Tripling an Engineering Team in Six Months - Part Two: Planning to Scale

In my current employment as Delivery Manager at a software company I oversee the design and development teams (aka 'Engineering') that are building a brand new property management software-as-a-service platform. In 2016 we were acquired through a private investment consortium and given an injection of funding in order to 'go faster'. This blog series is a summary of the lessons I learned from tripling an engineering team in six months.

Planning to Scale

If you haven't done so already please read Part One: The Background Story which gives the overview of what happened in 2016 that led us to need to scale at such pace.

In this article, Part Two: Planning to Scale, I will dive deeper on how we actually planned the massive task we were embarking upon, the questions we needed to ask, and the important lessons we learned along the way.

I'll do this by going back through the planning process in chronological order.

Step One: Define the current state

As shown in Part One, the first step for planning to scale was to draw the current state of the world. Ours looked approximately like this:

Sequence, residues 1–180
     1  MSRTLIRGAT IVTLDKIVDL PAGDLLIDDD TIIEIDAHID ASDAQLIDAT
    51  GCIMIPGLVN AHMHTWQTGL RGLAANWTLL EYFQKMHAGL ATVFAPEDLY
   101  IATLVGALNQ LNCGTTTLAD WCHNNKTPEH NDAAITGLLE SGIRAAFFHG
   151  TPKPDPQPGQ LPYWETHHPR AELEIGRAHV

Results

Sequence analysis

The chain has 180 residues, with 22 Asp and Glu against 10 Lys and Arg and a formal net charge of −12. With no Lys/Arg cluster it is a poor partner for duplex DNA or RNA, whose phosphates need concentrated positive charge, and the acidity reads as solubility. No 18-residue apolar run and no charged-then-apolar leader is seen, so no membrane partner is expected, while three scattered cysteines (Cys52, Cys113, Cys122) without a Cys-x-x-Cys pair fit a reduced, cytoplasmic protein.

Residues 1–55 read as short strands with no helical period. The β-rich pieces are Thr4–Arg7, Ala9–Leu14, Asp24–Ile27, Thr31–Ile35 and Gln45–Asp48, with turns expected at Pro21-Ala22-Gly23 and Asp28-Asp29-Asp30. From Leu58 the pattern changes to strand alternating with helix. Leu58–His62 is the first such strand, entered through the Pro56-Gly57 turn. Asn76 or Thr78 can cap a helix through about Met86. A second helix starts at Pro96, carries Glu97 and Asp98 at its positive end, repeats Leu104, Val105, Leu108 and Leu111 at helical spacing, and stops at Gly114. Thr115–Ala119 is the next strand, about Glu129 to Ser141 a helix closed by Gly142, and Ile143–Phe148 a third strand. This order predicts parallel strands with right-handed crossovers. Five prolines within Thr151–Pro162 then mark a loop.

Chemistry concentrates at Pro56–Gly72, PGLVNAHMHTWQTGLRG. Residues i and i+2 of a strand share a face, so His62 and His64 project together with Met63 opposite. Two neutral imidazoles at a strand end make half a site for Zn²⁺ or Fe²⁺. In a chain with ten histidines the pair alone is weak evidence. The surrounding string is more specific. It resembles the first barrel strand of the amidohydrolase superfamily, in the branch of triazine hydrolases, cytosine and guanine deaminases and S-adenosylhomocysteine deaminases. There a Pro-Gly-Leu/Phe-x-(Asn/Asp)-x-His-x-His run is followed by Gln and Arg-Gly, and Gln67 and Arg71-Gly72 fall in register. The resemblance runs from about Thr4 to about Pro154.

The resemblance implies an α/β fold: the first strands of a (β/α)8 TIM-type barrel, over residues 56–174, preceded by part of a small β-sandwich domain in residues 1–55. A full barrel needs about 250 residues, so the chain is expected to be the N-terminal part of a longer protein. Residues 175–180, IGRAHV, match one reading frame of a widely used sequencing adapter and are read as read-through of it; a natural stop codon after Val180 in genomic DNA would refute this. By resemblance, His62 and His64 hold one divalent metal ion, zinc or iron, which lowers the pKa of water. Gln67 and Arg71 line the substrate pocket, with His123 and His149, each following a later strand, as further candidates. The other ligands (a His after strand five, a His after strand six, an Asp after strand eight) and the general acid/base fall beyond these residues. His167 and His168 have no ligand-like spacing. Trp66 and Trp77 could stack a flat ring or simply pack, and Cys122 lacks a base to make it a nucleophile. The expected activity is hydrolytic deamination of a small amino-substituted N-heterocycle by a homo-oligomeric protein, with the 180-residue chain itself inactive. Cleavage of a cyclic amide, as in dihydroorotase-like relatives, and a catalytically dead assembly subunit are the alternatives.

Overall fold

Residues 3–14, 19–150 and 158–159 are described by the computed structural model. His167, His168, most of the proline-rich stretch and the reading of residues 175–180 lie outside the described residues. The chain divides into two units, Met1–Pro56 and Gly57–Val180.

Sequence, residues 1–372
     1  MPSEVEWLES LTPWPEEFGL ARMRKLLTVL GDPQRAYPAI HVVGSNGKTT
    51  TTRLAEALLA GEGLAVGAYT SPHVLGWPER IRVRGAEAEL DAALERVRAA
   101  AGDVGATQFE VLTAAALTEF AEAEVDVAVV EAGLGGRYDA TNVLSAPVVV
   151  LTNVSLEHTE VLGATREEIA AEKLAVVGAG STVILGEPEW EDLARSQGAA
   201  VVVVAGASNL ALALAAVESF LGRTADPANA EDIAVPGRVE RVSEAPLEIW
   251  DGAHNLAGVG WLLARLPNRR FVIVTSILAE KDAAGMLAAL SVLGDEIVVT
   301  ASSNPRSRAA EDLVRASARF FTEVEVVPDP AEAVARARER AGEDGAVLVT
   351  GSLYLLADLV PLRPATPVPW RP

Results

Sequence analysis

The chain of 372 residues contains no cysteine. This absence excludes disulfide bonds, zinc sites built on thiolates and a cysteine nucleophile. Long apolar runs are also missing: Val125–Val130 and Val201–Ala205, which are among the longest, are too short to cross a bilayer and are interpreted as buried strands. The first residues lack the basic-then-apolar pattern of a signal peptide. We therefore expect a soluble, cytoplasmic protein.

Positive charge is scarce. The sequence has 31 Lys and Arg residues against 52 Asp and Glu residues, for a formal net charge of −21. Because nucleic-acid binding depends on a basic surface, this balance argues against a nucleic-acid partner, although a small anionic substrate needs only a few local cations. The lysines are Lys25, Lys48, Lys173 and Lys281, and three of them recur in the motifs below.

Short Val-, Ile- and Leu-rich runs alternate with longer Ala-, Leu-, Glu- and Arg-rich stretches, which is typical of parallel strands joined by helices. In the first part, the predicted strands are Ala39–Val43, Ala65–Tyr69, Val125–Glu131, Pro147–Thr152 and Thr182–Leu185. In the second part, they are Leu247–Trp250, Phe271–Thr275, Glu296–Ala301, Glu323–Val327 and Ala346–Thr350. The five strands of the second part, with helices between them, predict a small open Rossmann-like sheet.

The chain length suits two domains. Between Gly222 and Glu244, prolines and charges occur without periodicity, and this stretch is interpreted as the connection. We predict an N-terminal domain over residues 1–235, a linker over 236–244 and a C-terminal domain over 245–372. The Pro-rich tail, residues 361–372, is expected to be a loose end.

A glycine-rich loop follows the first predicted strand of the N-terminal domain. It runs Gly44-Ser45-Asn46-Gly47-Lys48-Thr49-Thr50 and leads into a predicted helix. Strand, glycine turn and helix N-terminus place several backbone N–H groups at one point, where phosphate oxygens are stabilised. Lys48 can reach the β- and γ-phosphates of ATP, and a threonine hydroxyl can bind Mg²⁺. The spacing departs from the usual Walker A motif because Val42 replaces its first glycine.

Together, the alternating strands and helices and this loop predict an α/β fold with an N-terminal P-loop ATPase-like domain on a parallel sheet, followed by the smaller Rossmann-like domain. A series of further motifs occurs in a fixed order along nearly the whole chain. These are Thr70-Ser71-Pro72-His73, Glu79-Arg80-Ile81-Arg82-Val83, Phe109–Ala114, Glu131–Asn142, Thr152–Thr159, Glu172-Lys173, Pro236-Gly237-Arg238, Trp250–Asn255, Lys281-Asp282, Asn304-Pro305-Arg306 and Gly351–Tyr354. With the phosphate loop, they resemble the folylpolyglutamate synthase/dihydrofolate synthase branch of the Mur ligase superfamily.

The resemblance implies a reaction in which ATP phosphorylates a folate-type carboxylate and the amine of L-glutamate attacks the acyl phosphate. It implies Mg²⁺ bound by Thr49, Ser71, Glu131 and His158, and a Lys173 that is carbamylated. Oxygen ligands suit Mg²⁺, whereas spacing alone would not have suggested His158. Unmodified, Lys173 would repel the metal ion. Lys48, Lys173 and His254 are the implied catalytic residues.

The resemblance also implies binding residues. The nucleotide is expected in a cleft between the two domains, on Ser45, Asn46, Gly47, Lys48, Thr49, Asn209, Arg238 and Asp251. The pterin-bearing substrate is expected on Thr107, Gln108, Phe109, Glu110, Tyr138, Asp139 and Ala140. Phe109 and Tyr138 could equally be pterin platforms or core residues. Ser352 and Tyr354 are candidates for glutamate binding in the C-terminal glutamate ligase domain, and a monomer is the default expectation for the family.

Our teams were formed roughly into two parallel squads, one for each of the key subject matter domains we were tackling.

The squads were fluid. They would form around chunks of work (we called increments), take it through to completion, and then regroup as a single team to switch roles and domains as needed. This gave the team opportunity to be flexible, promoted upskilling and knowledge sharing, and empowered everyone to own the solutions they were building.

That's not to say everything we did was perfect. We had some little problems, or areas for improvement, but we were mostly on top of them and as such we were making great progress. But when you scale an existing team you also scale any existing problems so one of the key tasks we did before scaling was to assess our current issues.